This is a personal project we made for our daughter Harpa (1 and a half years old). It's a hand sewn elephant head sculpture with microcontroller electronics inside- essentially a night light. It has evolved from a small paper origami elephant with blinking LEDs, to a large hand crafted elephant lamp shade with Wifi controlled RGB LEDs, microphone, speaker, and a custom designed iPad application to teach Harpa about colour.
Project was also on display at the 2014 Sydney Design Festival as part of the Protiotype Internet of Things exhibition in Central Mall Broadway.
Wireframe model is now available for purchase from Shapeways: https://www.shapeways.com/product/BMAZU2K8B/large-elephant-head-wire-for-wall
The elephant model was designed in Blender, and 3D printed as a solid wireframe using the Shapeways service. The 3D print cost $70 (at the time, prices have now changed) and measures a fairly large 50cm wide x 50 cm high x 30cm deep. The idea with the wireframe was to hand sew all the faces onto the model, that way I could try different materials as well as save money on the 3D print (printing filled surface faces would cost thousands at that size).
The electronics are driven by an Arduino MEGA 2560 microcontroller with ethernet shield for network control. Connected to the board is a 50cm 5V RGB addressable LED strip with 30 LEDs, a 3.3V microphone module for sound detection, and an 8ohm speaker for playing back generated 'white-noise' audio. Total cost for the all the electronics was less than $100.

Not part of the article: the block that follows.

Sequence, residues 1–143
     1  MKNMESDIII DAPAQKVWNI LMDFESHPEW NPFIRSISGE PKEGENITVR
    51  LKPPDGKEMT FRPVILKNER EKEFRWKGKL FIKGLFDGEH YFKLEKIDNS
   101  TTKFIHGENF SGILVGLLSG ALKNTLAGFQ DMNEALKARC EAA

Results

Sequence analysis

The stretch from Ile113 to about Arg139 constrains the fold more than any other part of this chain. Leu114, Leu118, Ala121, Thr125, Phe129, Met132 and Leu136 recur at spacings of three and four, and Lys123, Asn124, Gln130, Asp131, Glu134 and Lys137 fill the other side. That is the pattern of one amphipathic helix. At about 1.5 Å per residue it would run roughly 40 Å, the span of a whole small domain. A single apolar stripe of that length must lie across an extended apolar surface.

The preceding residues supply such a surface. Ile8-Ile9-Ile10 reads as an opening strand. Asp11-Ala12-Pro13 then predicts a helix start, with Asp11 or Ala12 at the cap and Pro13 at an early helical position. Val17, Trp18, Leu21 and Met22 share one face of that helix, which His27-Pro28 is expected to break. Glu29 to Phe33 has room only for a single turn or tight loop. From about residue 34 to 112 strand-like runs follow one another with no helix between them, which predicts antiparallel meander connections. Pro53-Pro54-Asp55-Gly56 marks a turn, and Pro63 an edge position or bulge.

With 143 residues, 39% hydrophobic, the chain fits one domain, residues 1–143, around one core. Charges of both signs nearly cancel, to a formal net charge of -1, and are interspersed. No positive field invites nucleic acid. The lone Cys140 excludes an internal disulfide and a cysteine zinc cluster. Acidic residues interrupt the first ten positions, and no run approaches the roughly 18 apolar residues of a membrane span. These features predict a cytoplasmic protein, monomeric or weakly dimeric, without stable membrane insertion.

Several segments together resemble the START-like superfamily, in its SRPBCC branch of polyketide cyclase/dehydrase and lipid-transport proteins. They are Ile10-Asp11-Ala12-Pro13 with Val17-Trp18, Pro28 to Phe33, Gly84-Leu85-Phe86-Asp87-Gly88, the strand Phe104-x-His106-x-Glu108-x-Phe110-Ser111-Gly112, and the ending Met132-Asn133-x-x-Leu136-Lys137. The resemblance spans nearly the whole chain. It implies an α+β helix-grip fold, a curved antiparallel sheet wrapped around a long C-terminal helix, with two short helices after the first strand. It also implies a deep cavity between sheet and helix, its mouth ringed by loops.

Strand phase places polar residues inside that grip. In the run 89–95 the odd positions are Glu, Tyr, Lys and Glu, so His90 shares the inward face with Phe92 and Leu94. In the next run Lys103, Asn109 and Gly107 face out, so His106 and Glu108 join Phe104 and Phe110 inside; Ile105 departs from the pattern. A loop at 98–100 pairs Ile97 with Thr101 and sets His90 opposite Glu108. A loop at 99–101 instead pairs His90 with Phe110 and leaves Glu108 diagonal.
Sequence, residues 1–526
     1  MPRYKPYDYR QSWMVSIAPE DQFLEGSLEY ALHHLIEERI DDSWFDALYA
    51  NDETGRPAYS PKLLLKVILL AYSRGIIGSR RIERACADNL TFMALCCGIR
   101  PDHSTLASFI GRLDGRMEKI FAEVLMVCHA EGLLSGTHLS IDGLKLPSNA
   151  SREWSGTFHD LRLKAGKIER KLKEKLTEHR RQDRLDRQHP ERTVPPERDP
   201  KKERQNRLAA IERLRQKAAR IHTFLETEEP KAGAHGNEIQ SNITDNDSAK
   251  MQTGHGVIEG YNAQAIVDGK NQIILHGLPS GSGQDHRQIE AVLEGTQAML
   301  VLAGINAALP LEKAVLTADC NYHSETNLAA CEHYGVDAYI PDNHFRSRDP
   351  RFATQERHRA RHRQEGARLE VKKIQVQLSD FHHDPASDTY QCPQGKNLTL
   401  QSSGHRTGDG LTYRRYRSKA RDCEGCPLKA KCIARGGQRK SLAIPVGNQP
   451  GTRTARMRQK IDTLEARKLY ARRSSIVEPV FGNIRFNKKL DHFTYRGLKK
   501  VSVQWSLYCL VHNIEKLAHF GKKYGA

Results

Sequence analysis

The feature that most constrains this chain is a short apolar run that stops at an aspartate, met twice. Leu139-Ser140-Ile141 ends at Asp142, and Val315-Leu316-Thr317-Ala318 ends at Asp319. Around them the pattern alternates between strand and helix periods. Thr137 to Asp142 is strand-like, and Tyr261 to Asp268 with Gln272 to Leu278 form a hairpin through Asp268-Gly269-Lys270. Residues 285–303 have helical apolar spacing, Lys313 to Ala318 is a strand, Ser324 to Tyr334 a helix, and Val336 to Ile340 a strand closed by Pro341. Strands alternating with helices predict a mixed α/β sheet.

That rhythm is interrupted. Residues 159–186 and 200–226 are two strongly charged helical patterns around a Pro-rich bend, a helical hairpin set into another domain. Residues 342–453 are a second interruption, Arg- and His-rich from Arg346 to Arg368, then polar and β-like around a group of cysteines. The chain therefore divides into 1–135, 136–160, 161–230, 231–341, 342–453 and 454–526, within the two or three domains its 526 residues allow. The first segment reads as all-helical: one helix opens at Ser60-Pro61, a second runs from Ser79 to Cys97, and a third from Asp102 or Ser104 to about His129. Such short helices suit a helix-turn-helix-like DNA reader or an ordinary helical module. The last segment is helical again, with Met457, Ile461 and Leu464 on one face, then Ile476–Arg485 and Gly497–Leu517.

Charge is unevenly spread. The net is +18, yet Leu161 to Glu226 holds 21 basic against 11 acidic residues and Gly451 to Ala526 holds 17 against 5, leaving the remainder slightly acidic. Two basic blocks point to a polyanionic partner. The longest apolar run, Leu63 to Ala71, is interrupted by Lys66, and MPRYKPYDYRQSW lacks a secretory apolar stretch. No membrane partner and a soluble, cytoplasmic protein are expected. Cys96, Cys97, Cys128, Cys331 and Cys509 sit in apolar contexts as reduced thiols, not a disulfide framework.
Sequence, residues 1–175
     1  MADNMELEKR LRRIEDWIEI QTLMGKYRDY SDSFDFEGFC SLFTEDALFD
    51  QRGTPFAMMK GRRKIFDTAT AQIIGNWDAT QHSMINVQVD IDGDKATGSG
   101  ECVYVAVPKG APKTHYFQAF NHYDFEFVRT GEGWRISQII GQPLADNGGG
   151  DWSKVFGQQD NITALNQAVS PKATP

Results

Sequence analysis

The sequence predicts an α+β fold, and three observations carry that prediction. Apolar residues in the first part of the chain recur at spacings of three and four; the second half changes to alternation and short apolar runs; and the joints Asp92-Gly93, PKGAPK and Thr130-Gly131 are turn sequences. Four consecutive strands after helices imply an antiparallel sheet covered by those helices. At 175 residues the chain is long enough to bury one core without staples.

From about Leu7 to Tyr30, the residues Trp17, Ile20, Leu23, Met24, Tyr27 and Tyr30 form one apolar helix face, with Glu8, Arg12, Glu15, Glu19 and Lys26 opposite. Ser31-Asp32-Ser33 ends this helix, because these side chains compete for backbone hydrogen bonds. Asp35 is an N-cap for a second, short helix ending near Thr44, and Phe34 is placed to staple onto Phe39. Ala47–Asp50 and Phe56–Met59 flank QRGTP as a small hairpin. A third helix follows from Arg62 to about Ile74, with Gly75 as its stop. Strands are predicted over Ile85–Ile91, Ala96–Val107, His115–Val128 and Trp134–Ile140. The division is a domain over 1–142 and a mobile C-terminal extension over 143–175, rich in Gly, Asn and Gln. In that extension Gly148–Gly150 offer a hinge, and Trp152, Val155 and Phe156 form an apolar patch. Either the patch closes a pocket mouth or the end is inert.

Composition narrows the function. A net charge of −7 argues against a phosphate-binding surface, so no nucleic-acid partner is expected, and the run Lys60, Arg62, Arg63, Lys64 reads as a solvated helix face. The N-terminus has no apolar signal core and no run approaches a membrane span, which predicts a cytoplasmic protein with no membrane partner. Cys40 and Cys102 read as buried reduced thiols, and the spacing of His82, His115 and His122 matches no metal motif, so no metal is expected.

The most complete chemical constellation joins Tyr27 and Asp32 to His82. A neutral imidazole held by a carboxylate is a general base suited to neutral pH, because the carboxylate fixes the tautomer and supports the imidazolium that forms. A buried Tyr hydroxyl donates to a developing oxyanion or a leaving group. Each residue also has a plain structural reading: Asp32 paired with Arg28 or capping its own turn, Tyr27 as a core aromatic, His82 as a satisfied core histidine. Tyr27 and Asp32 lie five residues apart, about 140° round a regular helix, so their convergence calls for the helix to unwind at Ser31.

A custom iPad application was designed/developed which allows Harpa to learn about colour by selecting from colour presets. The main interface displays a grid of coloured elephant heads. When one is selected- the name of the colour is pronounced from the app, and the main night light changes colour.
There is a hidden control panel in the iPad app which allows me to change some of the more advanced features. For example- I can switch the 'white-noise' speaker on (this used to be the only way we could get her to sleep all night uninterrupted); I can switch on audio reactive mode which uses the microphone to detect variations in sound level to change the LED colours (great when playing music, not so much for a sleeping baby); I can also change the number of LED's, brightness, saturation, and have them auto cross fade into different colours.
Adriana Tcholakova - sewing